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Re: [Public WebGL] Shared resources between contexts

On Mon, Jan 9, 2012 at 2:34 PM, Glenn Maynard <glenn@zewt.org> wrote:
On Fri, Jan 6, 2012 at 3:27 PM, Gregg Tavares (wrk) <gman@google.com> wrote:
Doh, I missed your post Glenn, That looks the same.

The only real difference is the extension mechanism.

> gl2 = canvas2.getContext("webgl", { sharedResourceGroup: gl1.sharingGroup });

There probably shouldn't be an attribute to get to other contexts in the share list.  That would cause GC behavior to be exposed to scripts, which is something the platform carefully avoids.

On Mon, Jan 9, 2012 at 1:44 PM, Kenneth Russell <kbr@google.com> wrote:
This isn't a good assumption to make. There are many reasons why it
would be useful to be able to access WebGL from a worker thread.

(I assume you mean "to access WebGL resources"; I certainly agree that WebGL should be usable from threads.)
One is to be able to upload textures or compile shaders in the background,
to avoid any framerate hitches on the main thread. Another is to be
able to do offscreen rendering in the worker thread and post the
results to the main thread for display within a canvas.

Several issues would need to be solved in order to achieve this sort
of sharing. First, WebGLRenderingContext is currently implicitly tied
to a Canvas. Second, there is no way to identify a
WebGLRenderingContext in another thread since they can't be sent via
postMessage. Third, semantics would need to be defined for when
rendering results from one thread are guaranteed to be available on
another thread.

(That's ES C.2, right?)

Web APIs normally follow strict rules for threading:

- Running code is, from the perspective of the programmer, synchronous.  Something happening in one thread can't have visible effects in another thread.
- Code is deterministic; code behaves the same way every time (given the same initial state) in all browsers.

Of course, there are exceptions; those that aren't legacy mistakes are made with care.

I mention this not to say this shouldn't be done, but just as a caution: if you expose cross-thread shared WebGL resources, you're going to be deviating substantially from the design of the platform.  WebGL already does that in significant ways (nondeterministic context loss; different hardware capabilities, like MAX_TEXTURE_SIZE), and this would push it yet further away.  The more you do that, the less the API will fit in with the rest of the platform.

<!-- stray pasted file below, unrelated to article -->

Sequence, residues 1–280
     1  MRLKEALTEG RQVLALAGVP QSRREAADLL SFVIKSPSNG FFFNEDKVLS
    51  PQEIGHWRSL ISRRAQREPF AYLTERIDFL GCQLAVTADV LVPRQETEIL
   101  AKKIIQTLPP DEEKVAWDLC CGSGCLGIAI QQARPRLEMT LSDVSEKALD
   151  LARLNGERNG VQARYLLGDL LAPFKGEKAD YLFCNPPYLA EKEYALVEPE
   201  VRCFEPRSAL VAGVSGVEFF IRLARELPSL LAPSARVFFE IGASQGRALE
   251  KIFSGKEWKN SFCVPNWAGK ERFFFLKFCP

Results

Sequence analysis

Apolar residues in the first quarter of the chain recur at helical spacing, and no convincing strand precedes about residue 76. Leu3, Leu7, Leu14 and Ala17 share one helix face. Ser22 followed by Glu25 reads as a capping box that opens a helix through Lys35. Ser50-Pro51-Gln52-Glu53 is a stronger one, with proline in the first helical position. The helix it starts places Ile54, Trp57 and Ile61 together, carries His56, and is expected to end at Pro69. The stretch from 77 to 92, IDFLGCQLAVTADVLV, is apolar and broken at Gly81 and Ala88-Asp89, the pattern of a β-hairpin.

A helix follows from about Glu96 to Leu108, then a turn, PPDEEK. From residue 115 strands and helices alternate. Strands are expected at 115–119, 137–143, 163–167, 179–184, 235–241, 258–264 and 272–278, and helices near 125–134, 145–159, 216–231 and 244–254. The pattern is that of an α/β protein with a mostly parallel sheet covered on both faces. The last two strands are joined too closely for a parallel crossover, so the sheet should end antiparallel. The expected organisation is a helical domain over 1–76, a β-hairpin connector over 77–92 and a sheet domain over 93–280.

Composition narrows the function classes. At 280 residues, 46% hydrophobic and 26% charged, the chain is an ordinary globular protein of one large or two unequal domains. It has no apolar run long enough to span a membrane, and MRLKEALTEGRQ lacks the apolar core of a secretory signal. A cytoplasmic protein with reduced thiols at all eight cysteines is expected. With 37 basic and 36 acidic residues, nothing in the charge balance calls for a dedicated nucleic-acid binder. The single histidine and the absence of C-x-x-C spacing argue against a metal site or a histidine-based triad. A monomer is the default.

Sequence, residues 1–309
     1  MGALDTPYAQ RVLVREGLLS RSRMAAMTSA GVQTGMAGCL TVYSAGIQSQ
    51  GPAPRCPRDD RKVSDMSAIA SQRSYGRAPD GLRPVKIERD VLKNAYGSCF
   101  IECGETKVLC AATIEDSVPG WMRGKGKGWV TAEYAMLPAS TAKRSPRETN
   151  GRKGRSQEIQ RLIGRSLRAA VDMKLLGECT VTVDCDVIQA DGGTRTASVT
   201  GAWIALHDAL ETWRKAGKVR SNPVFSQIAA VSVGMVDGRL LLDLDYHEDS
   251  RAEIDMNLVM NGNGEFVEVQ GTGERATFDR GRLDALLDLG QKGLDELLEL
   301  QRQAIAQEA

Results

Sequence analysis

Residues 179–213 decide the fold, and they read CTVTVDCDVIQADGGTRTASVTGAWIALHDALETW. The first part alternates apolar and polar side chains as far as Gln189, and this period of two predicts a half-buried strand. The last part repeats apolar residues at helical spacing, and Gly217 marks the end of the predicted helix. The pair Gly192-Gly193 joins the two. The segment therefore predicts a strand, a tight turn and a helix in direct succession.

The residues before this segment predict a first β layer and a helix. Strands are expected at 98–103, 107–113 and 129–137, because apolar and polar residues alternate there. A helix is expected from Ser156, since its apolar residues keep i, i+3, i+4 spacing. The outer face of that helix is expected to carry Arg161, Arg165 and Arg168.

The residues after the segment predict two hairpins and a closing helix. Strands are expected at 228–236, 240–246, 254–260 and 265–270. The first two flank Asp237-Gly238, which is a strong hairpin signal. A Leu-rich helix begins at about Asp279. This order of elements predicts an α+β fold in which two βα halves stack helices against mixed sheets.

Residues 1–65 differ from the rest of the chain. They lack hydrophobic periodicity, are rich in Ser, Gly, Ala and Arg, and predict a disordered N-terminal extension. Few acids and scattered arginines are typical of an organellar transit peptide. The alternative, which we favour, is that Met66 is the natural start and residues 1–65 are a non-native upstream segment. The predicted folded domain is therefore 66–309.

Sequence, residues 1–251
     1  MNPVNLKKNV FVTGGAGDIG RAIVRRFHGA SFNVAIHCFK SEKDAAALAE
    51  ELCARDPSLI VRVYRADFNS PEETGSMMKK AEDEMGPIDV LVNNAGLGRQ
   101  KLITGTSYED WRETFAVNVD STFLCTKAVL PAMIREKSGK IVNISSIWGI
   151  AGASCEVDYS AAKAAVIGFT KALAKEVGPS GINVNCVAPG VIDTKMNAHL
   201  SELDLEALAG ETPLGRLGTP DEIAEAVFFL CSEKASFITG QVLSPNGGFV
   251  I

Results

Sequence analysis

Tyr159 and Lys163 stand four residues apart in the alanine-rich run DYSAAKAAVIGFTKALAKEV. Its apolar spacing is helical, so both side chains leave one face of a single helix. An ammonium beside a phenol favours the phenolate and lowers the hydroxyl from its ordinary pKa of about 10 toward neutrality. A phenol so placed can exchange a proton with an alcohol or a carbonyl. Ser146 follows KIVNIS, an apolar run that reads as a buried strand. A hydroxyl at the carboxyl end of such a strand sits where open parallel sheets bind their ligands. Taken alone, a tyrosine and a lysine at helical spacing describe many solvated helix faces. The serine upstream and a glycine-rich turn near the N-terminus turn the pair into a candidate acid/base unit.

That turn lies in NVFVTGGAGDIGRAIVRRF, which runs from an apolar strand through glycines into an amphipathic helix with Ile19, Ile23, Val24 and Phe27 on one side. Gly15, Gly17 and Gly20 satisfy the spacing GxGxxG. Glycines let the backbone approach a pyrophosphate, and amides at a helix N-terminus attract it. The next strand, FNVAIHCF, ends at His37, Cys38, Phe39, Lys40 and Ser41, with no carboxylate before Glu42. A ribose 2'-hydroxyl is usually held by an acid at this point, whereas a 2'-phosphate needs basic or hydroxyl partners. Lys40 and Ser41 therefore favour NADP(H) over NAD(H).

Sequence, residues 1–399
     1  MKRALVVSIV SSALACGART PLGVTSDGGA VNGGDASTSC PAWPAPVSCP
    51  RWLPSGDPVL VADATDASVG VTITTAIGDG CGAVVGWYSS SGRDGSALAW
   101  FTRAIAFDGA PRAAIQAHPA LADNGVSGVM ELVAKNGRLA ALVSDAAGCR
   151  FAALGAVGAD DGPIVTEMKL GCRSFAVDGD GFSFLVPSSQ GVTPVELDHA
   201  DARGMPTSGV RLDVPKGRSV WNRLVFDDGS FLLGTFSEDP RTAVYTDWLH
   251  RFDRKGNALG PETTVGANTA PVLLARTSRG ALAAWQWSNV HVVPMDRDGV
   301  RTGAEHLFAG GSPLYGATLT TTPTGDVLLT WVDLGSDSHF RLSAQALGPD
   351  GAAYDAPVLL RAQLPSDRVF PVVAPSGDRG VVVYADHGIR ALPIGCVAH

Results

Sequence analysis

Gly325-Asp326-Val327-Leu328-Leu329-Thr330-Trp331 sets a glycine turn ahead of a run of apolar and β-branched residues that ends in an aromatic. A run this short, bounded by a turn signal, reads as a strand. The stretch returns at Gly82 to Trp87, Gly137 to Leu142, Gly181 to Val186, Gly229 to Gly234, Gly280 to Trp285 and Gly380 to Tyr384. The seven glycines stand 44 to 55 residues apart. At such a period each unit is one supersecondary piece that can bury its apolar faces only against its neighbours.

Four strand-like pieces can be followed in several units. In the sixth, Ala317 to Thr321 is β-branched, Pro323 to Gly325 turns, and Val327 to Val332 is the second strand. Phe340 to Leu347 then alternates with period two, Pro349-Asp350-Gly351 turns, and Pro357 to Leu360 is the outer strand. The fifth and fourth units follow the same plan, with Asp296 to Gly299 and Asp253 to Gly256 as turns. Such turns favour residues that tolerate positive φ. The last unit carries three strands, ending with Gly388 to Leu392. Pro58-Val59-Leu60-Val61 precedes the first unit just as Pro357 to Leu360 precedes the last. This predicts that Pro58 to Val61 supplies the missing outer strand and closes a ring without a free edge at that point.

I'm not sure I follow here.

different hardware capabilites: canvas 2d (size limits), images(size limits, different format support), memory(a phone has less than my desktop), touch vs mouse, tiny screen vs large, tilt vs no tilt, ability to create window (popup) vs no such ability (phones).

Another thing to note is that workers are designed so that they can be implemented either with a threading model or a process model; the inter-thread boundary is defined in a way that allows either.  Shared WebGL resources would probably only work with the threading model, not the process model.  I don't know if any Web Workers implementations actually use the process model, but it's something to keep in mind.  At minimum, it suggests that shared resources should always be an optional feature, not promoted to a core feature, to avoid creating a design conflict.

To get speed benefits you need to be able to transfer ownership efficiently and there's no easy way to do that with processes AFAIK. So, the idea of using processes for workers has pretty much been abandoned.


All of these issues and others seem to be solvable,
but it will probably take some time to prototype solutions for them.

A prerequisite would be having WebGL available to workers in the first place.  There are big hurdles to that (which I'm sure you're well aware of--the DOM thread-safety issue).  I do hope this happens eventually.

I don't see any issues here. The definition of WebGL is that any call can fail at any time. Adding shared resources and WebWorkers none of that changes. The sharing semantics seem pretty well defined. I'm probably missing something but I'm not seeing a problem right now.

(I wouldn't mind seeing shared resource support across threads in WebGL and I don't object to designing with it in mind, even though I'm a bit skeptical of it ever actually happening.)

Glenn Maynard